47. Editorial Note

The United Nations World Food Conference commenced in Rome on November 5, 1974. Secretary of State Henry Kissinger, who proposed such a forum during his September 24, 1973, speech to the U.N. General Assembly (Document 17), delivered the keynote address on the first day of the conference. After highlighting the dire food supply situation the world faced, Kissinger exhorted: “We must act now and we must act together to regain control over our shared destiny. Catastrophe when it cannot be foreseen can be blamed on a failure of vision or on forces beyond our control. But the current trend is obvious, and the remedy is within our power. If we do not act boldly, disaster will result from a failure of will; moral culpability will be inherent in our foreknowledge.

“The political challenge is straightforward: Will the nations of the world cooperate to confront a crisis which is both self-evident and global in nature? Or will each nation or region or bloc see its special advantage as a weapon instead of a contribution? Will we pool our strengths and progress together or test our strengths and sink together?

“President Ford has instructed me to declare on behalf of the United States: We regard our good fortune and strength in the field of food as a global trust. We recognize the responsibilities we bear by virtue of our extraordinary productivity, our advanced technology, and our tradition of assistance. That is why we proposed this conference. That is why a Secretary of State is giving this address. The United States will make a major effort to match its capacity to the magnitude of the challenge. We are convinced that the collective response will have an important influence on the nature of the world that our children inherit.

“As we move toward the next century the nations assembled here must begin to fashion a global conception. For we are irreversibly linked to each other—by interdependent economies and human aspirations, by instant communications and nuclear peril. The contemporary agenda of energy, food, and inflation exceeds the capacity of any single government, or even of a few governments together, to resolve.”

Kissinger devoted the remainder of his address to outlining the historical precedents and current realities of the global food crisis. Resolving the problem required the United States and other nations to mount an “urgent cooperative worldwide action,” designed to increase and accelerate production, improve food quality and distribution networks, and guard against crop emergencies. The Secretary then detailed the ways in which the United States planned to meet these goals and concluded his remarks by stating: “Our responsibility is clear. Let the nations gathered here resolve to confront the challenge, not each [Page 251] other. Let us agree that the scale and severity of the task require a collaborative effort unprecedented in history. And let us make global cooperation in food a model for our response to other challenges of an interdependent world: energy, inflation, population, protection of the environment.” (Department of State Bulletin, December 16, 1974, pages 821–829) For the text of the four resolutions delegates adopted at the conclusion of the conference, see ibid., pages 831–837. Documentation on U.S. planning for and participation in the World Food Conference is in Foreign Relations, 1969–1976, volume E–14, part 1, Documents on the United Nations, and ibid., volume XXXI, Foreign Economic Policy, 1973–1976.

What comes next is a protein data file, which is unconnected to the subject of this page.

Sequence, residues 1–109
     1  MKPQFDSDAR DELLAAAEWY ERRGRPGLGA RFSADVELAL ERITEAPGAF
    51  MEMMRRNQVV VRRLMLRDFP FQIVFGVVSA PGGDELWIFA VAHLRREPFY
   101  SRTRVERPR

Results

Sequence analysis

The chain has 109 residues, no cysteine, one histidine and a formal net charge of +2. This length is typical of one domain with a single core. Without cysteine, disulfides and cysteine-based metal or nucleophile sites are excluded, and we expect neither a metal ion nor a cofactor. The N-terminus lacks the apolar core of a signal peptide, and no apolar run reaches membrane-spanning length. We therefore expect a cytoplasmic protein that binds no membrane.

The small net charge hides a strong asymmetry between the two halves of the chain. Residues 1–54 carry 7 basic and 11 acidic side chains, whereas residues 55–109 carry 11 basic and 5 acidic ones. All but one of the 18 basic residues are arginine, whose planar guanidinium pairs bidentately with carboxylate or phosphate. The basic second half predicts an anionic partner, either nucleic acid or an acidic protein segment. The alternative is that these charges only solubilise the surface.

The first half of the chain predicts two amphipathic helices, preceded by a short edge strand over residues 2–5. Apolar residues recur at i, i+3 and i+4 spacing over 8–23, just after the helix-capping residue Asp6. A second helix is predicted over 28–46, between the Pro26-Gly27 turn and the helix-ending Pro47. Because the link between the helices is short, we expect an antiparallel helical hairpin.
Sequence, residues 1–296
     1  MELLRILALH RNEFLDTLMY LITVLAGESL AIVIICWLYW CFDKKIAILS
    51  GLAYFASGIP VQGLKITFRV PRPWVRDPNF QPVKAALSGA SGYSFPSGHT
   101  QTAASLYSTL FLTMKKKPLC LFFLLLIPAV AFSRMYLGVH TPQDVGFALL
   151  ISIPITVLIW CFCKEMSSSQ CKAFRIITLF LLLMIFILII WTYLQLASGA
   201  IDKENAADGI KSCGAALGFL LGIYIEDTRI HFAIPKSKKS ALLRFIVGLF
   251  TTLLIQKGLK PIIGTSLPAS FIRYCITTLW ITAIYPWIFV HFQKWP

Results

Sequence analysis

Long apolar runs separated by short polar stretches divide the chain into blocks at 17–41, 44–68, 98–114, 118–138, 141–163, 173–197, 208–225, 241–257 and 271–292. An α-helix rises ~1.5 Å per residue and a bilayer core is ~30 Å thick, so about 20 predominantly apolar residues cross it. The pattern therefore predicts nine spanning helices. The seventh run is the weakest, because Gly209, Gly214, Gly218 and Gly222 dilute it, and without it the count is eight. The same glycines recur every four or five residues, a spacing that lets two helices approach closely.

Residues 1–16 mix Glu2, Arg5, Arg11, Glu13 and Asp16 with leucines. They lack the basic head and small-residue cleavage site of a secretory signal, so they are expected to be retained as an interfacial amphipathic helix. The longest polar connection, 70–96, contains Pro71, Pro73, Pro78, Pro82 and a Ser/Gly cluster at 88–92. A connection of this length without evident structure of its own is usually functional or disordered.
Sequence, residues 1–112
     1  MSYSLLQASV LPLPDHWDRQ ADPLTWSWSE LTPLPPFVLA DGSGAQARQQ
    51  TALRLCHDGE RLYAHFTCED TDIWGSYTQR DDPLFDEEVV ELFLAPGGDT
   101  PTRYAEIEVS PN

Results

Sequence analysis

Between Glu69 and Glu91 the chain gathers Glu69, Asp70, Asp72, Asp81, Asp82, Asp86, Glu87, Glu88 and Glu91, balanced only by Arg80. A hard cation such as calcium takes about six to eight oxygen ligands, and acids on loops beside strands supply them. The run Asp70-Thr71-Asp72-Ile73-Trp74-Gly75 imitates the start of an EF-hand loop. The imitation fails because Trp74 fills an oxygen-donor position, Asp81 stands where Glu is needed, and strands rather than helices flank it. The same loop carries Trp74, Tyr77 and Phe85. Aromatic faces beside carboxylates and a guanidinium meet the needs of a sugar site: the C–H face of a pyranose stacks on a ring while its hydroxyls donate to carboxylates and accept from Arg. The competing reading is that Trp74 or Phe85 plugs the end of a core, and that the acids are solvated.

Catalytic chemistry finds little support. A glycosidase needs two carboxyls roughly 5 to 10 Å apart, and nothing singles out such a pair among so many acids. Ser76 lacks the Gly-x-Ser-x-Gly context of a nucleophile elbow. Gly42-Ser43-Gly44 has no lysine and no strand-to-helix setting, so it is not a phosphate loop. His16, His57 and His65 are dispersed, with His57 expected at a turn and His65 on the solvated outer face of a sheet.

At a December 4 meeting of the International Food Review Group, comprised of representatives from the Departments of State, Treasury, and Agriculture, the Office of Management and Budget, the Council of Economic Advisers, the Council on International Economic Policy, the Economic Policy Board, and the National Security Council, Kissinger returned to the question of U.S. participation in resolving the food crisis: “First of all, let me explain what I think are the foreign policy interests in the food problem. My hope is that by explaining our foreign policy interests, it will help us in our later considerations. I think that one of the basic strategies we should pursue—what we want to create—is an overall statement of policy toward the food problem in relations to us and in the face of contingencies in the energy and food fields. In my view, systematic planning is one way—probably the only way—that we can get this food problem solved. I think it was a tragedy that the World Food Conference got off onto food aid and did not stick to planning. I wish now that we would have played down the food aid thing. In my view, the answer to the food problem is a systematic approach toward production, stockpiling and so forth.”

After Secretary of Agriculture Earl Butz expressed his agreement, Kissinger continued: “I think that for us to have gotten into a debate in Rome over who should be giving what was a pity. The basic theme—the basic problem as I see it from a foreign policy viewpoint—is that the food problem is a structural problem of the world economy. And, I think we should correlate our solutions with other countries. One of our major contributions is going to be aid, there is no doubt about that. But, in my opinion, I think it a pity that so many countries are obsessed with this food aid thing. They are off the track.” The memorandum of conversation is printed in full ibid., Document 280.